Today, Africa is the main overall cocoa supplier, with 75% of the world’s cocoa crop. For the small farms in the many ten thousands of African villages, cocoa cultivation represents an important source of income.
- Criollo, also known as the prince among cocoa trees, produces pods with a very thin peel. The cocoa itself has a very pale color and a unique refined aroma. This variety produces small harvests and is also very fragile.
- Forastero is a stronger type of tree that is easier to cultivate and produces larger yields. The cocoa pods have a thicker peel and a coarser, stronger aroma. Cocoa from the Forastero beans is often called bulk cocoa because it gives chocolate a typical recognizable basic aroma. This cocoa therefore forms the basic ingredient in most chocolates and can often account for 80% of the cocoa mixture.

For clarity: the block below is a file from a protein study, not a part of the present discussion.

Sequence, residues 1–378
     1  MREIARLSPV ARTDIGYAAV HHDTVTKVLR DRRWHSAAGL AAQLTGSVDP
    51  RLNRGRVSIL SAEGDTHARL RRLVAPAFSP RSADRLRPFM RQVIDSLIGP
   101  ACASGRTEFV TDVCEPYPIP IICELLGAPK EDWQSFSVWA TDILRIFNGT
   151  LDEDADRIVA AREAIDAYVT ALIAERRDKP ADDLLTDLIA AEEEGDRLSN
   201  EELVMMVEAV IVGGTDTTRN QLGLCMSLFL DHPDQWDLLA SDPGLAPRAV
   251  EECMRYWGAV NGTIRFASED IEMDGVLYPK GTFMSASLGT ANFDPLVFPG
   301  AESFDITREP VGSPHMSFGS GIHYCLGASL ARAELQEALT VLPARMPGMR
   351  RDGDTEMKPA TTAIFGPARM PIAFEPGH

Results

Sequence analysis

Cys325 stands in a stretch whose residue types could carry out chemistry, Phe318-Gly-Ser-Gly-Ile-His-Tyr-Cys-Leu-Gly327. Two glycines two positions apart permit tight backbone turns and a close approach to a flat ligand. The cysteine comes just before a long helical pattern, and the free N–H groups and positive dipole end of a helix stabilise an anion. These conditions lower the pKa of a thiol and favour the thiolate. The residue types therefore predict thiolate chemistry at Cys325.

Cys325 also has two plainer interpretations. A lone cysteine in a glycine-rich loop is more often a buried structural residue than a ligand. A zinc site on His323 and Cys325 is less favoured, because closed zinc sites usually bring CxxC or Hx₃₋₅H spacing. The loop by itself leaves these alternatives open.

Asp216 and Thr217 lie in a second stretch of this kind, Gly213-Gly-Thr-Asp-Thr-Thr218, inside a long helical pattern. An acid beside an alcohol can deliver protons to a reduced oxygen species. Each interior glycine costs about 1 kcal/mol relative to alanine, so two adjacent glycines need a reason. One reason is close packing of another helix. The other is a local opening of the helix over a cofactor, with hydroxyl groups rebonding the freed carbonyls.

- Trinitario is a cross of both types of trees and has characteristics of both of the former: it has a strong but relatively refined aroma and, moreover, is very easy to cultivate.
In most African countries such as Ivory Coast, the main harvest lasts from October to March and the interim harvest from May to August.
Fermentation is important since this process naturally removes any of the remaining fruit pulp that sticks naturally to the beans. The beans change color from beige to purple and develop their aroma.
The beans packed in sacs or by container set off to the port, to be shipped to their new destination.